Huck and the Picaresque tales

This is my thinking of how to use the central sections of the book within the constraints of the OCR A level Elit exam.

First Picaresque – the use of a central character -often an urchin or other disreputable but lovable character by whose innocence the world is presented to the reader in a manner both amusing and educative. Examples such as Voltaire’s Candide or the rogue Till Eulenspiegel are good examples of the genre.

My colleague Lucy Aitchison prepared this short PPt to help to explain it in class:

In the central sections of Huck, Twain resumes his narrative but much has changed – no longer a ‘boys’ own’ story, we read a series of tales in which Huck is an interested bystander and Jim is reduced almost to nothing. Twain is not writing in the manner of Tom Sawyer here, but is making points about the state of Southern society and using Huck – his picaro – to link the apparently random ideas which he needs to propose – the degenerate and amoral world which exists in the newly conquered South and which, presumably, needs to be brought to the attention of the reader.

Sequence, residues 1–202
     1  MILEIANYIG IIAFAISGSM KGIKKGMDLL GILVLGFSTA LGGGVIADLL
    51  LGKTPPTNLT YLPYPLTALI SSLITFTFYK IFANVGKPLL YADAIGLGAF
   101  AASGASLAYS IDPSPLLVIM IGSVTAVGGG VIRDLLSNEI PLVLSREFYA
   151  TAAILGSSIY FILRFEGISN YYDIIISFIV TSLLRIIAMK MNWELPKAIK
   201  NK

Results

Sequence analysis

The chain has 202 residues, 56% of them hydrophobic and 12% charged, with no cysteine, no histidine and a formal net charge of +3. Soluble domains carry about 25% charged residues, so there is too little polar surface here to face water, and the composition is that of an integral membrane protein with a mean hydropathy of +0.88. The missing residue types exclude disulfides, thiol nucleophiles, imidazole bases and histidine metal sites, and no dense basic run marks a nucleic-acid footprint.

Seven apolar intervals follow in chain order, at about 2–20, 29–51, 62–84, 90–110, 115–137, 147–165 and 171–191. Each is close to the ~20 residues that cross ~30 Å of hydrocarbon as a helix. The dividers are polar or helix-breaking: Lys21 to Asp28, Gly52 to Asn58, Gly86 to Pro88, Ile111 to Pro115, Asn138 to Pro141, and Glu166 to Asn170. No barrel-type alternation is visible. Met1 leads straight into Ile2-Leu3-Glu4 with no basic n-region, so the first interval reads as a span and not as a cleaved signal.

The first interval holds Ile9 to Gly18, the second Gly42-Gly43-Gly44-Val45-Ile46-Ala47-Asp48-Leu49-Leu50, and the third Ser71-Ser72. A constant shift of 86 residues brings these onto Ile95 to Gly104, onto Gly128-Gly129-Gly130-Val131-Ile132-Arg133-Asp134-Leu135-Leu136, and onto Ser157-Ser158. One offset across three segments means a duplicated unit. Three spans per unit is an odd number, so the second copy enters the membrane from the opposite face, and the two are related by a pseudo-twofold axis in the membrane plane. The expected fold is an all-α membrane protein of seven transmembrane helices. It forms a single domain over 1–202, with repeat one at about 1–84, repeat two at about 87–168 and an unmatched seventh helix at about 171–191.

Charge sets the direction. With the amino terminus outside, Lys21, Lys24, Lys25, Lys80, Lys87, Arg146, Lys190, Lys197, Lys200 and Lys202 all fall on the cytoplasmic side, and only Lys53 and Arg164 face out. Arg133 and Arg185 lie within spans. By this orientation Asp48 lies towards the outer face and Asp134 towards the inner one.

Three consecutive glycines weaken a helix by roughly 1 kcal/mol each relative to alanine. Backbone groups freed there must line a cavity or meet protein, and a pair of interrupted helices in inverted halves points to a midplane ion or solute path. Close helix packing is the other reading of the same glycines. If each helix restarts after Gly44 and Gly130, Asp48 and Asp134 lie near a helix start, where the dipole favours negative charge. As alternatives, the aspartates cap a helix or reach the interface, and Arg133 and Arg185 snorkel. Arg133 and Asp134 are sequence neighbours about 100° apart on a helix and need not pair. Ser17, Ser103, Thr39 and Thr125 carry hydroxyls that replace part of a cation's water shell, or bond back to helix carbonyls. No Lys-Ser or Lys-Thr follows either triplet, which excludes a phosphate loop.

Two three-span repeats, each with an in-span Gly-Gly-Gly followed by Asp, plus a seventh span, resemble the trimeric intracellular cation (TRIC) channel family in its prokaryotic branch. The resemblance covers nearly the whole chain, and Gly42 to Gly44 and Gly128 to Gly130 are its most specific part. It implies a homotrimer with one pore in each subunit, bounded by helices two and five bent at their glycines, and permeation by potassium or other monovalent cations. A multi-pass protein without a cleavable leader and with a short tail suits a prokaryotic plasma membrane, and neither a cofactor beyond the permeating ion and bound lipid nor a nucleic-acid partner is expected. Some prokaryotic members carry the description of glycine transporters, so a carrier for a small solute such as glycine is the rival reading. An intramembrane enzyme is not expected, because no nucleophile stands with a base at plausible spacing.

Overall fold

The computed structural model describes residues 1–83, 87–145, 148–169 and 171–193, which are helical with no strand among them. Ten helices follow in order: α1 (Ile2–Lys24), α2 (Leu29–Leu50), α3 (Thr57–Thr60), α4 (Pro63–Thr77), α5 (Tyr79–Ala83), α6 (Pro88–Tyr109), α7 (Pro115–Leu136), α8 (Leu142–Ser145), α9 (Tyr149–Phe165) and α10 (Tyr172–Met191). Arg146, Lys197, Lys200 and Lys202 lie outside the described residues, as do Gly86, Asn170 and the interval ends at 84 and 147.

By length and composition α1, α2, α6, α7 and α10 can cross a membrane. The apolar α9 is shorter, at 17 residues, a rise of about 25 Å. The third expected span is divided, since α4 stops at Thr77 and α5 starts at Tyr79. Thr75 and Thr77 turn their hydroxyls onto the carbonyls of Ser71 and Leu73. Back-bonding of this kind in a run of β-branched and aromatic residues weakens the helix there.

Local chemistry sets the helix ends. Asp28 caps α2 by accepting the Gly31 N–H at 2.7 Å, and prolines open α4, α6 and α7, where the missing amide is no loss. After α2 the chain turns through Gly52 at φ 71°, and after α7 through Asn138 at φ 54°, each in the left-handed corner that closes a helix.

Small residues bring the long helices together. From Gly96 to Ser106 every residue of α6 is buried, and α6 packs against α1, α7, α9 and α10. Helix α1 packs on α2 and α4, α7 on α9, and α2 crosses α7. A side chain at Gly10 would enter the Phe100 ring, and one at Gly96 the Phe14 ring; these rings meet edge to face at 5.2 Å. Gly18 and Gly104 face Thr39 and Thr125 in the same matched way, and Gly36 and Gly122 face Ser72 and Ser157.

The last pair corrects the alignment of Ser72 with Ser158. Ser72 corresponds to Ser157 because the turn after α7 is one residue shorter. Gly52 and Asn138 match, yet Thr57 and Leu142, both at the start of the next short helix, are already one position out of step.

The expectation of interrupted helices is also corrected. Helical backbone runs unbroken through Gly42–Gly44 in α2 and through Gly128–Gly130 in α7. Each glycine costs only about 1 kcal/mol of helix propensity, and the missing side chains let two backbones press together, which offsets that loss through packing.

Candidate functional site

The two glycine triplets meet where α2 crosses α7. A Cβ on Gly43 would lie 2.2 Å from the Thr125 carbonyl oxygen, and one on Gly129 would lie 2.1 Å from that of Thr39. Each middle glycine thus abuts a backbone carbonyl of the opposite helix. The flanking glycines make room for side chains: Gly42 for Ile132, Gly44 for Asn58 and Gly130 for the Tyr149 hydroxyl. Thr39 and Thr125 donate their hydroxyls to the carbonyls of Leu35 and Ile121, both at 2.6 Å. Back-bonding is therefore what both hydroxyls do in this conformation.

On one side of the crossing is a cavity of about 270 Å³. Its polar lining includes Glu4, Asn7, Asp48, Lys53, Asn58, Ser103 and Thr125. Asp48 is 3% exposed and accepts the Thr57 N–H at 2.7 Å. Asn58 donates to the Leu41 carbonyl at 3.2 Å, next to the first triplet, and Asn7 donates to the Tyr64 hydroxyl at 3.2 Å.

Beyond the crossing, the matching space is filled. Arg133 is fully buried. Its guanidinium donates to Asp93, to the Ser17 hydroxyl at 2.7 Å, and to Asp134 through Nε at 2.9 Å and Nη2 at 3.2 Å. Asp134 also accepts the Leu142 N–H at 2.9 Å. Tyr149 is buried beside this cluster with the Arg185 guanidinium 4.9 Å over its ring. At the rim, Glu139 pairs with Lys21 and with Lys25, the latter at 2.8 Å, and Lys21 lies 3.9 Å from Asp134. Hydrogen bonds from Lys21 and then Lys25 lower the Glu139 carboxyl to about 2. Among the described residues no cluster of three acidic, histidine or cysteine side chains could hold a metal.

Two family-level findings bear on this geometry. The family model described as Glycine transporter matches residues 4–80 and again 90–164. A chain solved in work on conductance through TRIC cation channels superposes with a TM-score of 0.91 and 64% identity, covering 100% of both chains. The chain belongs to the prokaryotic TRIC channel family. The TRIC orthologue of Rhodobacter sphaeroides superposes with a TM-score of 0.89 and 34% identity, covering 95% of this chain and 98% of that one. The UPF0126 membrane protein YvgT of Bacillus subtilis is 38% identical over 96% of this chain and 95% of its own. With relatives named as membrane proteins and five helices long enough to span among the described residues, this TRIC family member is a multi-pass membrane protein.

In each section we read a tale at turns humerous and serious. Huck’s innocence allows him to chew the events over in his mind and even when he reaches no firm conclusion, the reader does.

We have 5 sections:

The Feud

Pokeville – arrival of Dauphin and Duke and destruction of the floating republic of the raft.

Bricksville – Boggs and Nonesuch

The Will

Pikesville – Selling Jim

In the exam for OCR we need to remember that the students are not being examined on thew text per se, but applying it to answer a wider question. I ma trying to help students to engage with the themes which are central to each section and overarch the section as a whole.